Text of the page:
I had never encountered a new moon night on my own. He and I were always together in the streets, fighting as one.

Dismayed, I climbed the stairs and stepped into his bedroom.

My father was sitting up in his bed, leaning against the headboard, waiting for me. He seemed to get sick every year, right around this time. When summer surrendered to autumn, my father inevitably fell prey to a fever and a cough, blaming it on a final bloom of some vengeful valley weed. And while he always recovered within a few days, I still didn’t know what to do with him when he was like this.

“Papa?” I tried to hand him the tea mug, but he motioned for me to set it on the bedside table. “Did you need something?”

“I received word of a nightmare this morning,” he said.


“Spruce Fielding’s youngest daughter.”


“The very one. She had a nightmare last night. According to Spruce . . . it frightened her so badly that she hasn’t spoken a word today.”

I quirked my mouth to the side, my heart aching with this news. Children’s nightmares were always the worst. They were the recordings that kept me up at night when I read them. They were the dreams I dreaded to see stalking the streets on new moon nights.

“And you need me to go and record it,” I surmised, and a quiet thrill went through me. I had never been the one to divine a nightmare, or to record it in my father’s book. I accompanied him most of the time, and I observed, and I read his recordings afterward so I could prepare for the new moon. But never on my own.

“Yes, Clem,” Papa said, and I could not discern if he was proud or nervous. “Don’t use the divining spell unless you absolutely must. And if you must, please use my spell, word for word.”

I nodded and felt his gaze as I moved about his cluttered bedchamber, gathering supplies for the visitation.

“I will, Papa.” I opened his cupboard, where a hoard of tiny blue vials waited within, gleaming in the light. Remedies. I selected two, the corked glass the size of my pinkie. The dark brew sloshed within them as I hesitated, thought better of it, and grabbed three more vials, slipping them into the deep pocket of my charcoal-streaked skirt.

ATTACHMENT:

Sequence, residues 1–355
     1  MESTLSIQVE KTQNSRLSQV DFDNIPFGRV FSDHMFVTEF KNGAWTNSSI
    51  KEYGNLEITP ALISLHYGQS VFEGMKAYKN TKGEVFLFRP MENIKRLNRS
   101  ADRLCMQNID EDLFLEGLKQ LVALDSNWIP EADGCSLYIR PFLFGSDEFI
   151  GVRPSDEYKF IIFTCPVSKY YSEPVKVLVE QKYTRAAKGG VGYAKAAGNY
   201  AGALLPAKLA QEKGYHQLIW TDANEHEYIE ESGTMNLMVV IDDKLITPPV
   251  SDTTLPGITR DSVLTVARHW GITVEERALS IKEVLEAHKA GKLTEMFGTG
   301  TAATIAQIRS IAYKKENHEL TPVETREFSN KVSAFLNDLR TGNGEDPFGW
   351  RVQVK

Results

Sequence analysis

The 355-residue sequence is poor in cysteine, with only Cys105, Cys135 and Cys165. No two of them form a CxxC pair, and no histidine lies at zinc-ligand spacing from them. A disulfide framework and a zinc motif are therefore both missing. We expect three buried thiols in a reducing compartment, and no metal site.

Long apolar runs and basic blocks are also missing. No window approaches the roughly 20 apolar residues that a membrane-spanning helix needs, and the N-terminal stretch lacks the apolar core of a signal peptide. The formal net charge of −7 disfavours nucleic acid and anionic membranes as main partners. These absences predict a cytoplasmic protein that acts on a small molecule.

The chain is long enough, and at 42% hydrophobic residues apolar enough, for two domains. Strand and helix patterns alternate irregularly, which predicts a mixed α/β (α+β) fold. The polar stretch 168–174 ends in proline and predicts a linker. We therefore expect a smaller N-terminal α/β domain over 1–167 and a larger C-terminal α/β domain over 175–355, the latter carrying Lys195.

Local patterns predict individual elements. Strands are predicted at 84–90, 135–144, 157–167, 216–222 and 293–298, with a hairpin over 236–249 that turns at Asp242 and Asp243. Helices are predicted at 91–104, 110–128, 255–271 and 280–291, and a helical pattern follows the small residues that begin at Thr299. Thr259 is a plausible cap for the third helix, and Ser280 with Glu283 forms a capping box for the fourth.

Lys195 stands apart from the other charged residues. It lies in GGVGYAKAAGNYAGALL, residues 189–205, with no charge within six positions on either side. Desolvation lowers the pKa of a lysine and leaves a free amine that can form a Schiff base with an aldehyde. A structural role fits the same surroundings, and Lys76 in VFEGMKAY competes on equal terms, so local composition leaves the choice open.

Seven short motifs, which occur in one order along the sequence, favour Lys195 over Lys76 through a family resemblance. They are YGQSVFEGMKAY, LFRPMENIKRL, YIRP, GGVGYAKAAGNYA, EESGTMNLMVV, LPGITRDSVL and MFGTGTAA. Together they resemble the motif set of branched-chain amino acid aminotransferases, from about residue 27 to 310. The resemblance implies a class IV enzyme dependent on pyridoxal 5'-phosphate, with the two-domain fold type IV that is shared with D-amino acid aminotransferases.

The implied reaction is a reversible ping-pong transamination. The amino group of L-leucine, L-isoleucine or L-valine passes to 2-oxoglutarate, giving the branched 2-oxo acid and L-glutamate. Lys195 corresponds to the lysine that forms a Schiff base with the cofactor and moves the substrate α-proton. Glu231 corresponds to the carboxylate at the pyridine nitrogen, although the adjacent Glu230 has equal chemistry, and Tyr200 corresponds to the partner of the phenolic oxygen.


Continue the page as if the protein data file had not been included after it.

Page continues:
“Divining,” my father continued, as if he was about to impart a lecture. I inwardly braced myself. “Particularly done with . . . oh, how do I say this, with precarious intent, can open a door that you might not know how to close.”

As if to prove a point, I shut the cupboard door, more forceful than necessary. I could hear the vials rattling in protest, and I met Papa’s gaze, swallowing an impatient response. Sometimes he acted like I had no inkling how to cast a charm or divine a nightmare. This was a lesson I had heard countless times from him, before magic had even sparked at my fingertips.

“I haven’t done anything precarious in months, Papa.”

And by precarious, I meant spontaneous, when magic came to me in the moment. The sort of magic he was afraid of. That was why he was diligent in studying the nightmares, so he could prepare potential spells. His memory was immense and deep, and while I admired him for it . . . my strongest magic was forged from intuition.